Hong Kong issues ‘red alert’ against South Korea travel

    Hong Kong issued a ‘red alert’ advisory yesterday against non-essential travel to South Korea, where eight new cases of Middle East Respiratory Syndrome (Mers) were reported bringing the total to 95 with seven fatalities. The number of new South...

  • Modern housing could cut risk of malaria by up to half – study

    Modernising mud huts and other traditional housing could significantly cut the risk of malaria for people living in some of the highest risk areas of Africa, Asia and South America, according to new research. Scientists who studied the impact of...

  • Electronic tool to aid cancer care developed in the UK

    Electronic tool to aid cancer care developed in the UK

    An innovative electronic tool to help deliver more personalised care to people with cancer has been developed by the Macmillan Cancer Support, one of the largest charities in the UK. The electronic Holistic Needs Assessment (eHNA) provides...

  • Music linked to blood pressure

    Music linked to blood pressure

    Music could be used as a treatment for heart conditions after being scientists found a link with a change in blood pressure. Listening to a repeated 10-second rhythm found in various music compositions – particularly by Italian composer Giuseppe...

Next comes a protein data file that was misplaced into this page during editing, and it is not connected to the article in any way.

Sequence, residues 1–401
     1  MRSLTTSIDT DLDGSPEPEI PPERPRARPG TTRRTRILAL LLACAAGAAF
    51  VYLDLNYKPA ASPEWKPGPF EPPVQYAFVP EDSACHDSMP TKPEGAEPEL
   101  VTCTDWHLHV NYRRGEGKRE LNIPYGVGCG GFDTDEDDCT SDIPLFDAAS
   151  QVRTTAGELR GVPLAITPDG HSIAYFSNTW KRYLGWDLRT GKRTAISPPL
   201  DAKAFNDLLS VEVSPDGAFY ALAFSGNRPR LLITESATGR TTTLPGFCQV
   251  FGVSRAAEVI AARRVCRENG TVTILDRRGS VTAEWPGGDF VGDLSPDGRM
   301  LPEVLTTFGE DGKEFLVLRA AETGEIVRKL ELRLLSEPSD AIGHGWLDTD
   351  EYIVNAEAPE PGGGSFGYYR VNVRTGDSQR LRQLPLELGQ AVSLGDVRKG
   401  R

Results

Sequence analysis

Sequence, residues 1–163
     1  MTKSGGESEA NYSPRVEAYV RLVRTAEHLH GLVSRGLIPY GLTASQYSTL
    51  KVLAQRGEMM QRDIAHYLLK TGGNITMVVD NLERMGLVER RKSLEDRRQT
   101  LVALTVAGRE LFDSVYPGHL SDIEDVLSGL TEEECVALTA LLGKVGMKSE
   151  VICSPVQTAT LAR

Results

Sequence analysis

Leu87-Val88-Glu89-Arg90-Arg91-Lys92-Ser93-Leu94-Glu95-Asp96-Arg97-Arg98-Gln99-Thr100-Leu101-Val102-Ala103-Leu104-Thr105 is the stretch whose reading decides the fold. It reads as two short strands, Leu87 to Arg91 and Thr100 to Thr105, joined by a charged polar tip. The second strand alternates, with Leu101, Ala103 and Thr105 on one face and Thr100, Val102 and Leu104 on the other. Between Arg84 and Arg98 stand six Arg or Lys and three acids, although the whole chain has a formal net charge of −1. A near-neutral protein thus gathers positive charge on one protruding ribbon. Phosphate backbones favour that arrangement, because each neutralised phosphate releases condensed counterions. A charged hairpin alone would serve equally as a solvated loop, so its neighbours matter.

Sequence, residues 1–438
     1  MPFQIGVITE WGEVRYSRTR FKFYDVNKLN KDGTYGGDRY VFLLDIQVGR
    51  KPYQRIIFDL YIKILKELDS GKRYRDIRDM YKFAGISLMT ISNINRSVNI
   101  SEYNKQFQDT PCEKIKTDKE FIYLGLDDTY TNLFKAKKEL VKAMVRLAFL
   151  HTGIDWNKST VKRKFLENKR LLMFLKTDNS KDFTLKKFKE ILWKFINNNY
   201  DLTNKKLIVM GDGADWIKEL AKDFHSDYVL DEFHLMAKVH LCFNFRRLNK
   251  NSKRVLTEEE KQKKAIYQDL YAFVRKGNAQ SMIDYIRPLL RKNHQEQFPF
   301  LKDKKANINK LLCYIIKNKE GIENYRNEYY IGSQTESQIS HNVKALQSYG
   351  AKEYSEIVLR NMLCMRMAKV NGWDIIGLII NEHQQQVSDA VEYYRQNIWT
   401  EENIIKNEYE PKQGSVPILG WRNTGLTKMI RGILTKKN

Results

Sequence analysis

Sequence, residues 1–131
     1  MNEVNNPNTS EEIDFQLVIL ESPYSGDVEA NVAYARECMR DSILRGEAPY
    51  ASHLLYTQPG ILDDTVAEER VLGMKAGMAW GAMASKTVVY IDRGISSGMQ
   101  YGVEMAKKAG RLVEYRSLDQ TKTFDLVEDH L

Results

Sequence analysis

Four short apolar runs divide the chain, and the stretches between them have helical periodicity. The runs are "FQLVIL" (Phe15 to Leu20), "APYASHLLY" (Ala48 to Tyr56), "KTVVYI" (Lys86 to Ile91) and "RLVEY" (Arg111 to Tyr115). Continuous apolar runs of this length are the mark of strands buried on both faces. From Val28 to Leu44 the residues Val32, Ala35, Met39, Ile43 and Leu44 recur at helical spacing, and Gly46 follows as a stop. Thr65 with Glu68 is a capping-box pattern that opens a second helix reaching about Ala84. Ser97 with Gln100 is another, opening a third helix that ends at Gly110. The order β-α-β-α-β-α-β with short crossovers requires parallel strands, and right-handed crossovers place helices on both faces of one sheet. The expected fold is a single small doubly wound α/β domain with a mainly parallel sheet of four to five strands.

• Cancer spread 'trigger' discovered

    Cancer spread 'trigger' discovered

    New therapies to stop the deadly progression of breast cancer in its tracks could stem from a fresh study into the disease, researchers believe. Scientists at the University of Edinburgh said they have discovered a “trigger” that allows breast...

  • Study gives 'beach bum' new meaning

    Study gives 'beach bum' new meaning

    Scientists in the UK are launching a study into how surfers are affected when exposed to human sewage in the water – by taking swabs from their bottoms. A team from the University of Exeter is joining forces with environmental campaign group...

  • Bone health starts in the womb

    Bone health starts in the womb

    Today saw the launch of the 2015 World Osteoporosis Day (WOD) campaign organised by the International Osteoporosis Foundation (IOF). Celebrated on October 20, this year’s theme focuses on nutrition and addresses the public health challenges...